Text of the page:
My Zucchini Plants Have Outgrown Their Mini Greenhouses

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Bob Bauer
May 12, 2019 (Last Updated: ) | Reading Time: 2 minutes

May 12, 2019

My zucchini plants have outgrown their mini greenhouses. If we get a frost now I'll have to cover them with a garbage can. The cucumbers and melons have their greenhouses removed completely during the day now because they need the breeze on their leaves to stay cool. Just removing the lids is not enough. The temperature has risen and the soil should be warm enough to plant your summer veggies. A trip to your local garden center for Mother's day could yield a bounty of fun plantings for both you and your wife. It's a "kill two birds with one stone" type of outing..

Hardening them off is important because the veggies have likely just come out of greenhouses where they were deprived of ultraviolet light that will burn their leaves if exposed to a full day of direct sunlight. Give them only morning sun for a week if you want to ensure their survival. They are not used to wind either so a semi sheltered spot is ideal. The cooler nights may be new to them also. You don't have to talk to them, but a consistent dose of healthy admiration not only benefits them, but also you..

May 13, 2019

The kale is covered in seed pods and the flowers are on the wane. I check them every day to see how many pollinators are still visiting, and their numbers are declining significantly. I'm ready to pull them up but am allowing the last vestiges of pollen to be harvested. They make terrible weed suppression mulch because they are all stems with tiny leaves. The filtered light that gets to the ground allows the tender young weed sprouts protection from the harsh ray's of the summer sun..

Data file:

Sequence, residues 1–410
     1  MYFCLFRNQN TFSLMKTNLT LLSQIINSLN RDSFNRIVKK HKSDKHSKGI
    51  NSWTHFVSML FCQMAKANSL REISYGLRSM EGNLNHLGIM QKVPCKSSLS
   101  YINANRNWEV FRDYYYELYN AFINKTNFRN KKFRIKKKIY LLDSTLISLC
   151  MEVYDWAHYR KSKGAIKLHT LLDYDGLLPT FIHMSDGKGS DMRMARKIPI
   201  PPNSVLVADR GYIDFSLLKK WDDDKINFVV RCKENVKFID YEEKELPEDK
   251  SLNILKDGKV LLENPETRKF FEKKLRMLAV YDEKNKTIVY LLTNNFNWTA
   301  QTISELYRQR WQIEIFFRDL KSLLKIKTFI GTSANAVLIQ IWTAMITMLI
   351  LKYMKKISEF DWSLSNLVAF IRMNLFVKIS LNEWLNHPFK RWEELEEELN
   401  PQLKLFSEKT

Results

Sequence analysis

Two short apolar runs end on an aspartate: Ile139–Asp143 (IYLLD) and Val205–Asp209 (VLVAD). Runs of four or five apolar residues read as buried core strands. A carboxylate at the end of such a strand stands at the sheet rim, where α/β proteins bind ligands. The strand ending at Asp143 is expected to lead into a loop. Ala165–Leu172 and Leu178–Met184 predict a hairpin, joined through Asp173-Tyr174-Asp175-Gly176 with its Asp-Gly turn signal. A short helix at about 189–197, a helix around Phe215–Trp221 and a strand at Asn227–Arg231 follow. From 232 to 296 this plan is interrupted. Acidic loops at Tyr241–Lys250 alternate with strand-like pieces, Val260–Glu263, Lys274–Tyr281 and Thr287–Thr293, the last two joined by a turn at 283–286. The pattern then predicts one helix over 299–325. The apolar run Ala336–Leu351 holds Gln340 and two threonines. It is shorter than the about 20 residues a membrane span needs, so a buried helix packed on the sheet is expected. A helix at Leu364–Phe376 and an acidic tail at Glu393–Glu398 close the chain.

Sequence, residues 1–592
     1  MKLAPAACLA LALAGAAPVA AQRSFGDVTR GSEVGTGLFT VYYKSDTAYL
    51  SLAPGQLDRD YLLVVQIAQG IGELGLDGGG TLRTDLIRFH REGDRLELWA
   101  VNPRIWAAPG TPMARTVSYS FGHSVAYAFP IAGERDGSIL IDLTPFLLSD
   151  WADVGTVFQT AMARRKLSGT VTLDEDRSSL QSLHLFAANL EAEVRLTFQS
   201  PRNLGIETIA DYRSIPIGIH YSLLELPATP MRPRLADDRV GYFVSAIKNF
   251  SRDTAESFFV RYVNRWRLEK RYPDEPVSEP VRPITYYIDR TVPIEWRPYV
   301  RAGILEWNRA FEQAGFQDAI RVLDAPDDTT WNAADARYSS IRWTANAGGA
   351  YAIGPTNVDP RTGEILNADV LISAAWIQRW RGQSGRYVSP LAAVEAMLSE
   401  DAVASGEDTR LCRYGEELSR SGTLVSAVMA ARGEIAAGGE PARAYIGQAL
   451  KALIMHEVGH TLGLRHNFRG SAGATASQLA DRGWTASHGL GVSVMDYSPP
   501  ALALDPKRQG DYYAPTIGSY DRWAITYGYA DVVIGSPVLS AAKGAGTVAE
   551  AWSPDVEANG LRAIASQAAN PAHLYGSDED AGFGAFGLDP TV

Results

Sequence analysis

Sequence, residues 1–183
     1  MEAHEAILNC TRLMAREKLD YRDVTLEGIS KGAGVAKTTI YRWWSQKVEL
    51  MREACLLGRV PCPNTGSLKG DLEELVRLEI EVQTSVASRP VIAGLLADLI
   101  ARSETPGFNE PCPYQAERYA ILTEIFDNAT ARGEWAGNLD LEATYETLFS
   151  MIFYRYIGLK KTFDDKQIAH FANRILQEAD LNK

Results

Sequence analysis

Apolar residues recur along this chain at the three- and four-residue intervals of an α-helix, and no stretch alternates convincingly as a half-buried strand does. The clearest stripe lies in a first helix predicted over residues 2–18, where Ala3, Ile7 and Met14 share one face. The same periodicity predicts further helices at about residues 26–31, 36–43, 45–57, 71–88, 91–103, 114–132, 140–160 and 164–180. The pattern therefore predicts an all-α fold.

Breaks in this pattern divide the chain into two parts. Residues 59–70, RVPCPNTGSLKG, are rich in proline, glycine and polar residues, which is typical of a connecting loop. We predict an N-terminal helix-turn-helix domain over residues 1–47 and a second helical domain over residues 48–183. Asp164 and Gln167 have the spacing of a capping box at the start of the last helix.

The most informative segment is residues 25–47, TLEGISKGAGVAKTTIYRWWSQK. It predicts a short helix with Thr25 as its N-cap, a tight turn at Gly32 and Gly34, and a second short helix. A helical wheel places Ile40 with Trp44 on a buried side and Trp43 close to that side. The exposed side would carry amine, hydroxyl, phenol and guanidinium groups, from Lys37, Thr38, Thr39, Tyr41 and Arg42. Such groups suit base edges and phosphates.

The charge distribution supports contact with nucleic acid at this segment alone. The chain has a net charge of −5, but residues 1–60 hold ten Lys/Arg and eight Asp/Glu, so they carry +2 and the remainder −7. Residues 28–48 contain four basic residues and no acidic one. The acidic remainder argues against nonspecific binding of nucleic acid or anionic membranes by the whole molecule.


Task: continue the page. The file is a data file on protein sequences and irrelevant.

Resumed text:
I can use them along the fence line to keep the puppy from going under it. The chard is bolting also, and only one plant is required for seed, so I'll be topping them soon. They make great weed suppression mulch and are welcome around the artichokes, squash, and on the berms. The melon mounds get straw because it keeps the bottom of them free from insect damage..

May 14, 2019

One of my artichoke plants is a breeding ground for ladybugs. There are a dozen of them in different stages of development. Little orange domes, gray ones, orange domes with black stripes, little gray alligator like bugs with orange stripes, and bright red lady beetles. I hesitate to overhead water them for fear of disrupting their cycle. There were two ladybugs on the kale that I removed, and they reminded me of why I shouldn't let it stand too long after the flowers are gone. Aphids multiply rapidly on it and their gray color camouflage them so they are unrecognizable as you just walk by..

You need to peer a bit. They multiply in the crotches and I had so many last year that I had to drag the plants down to the creek to get rid of them. One of my Brussels sprouts had a leaf full of aphid already this year so I'm glad to see the abundance of ladybugs. Let the battle begin..

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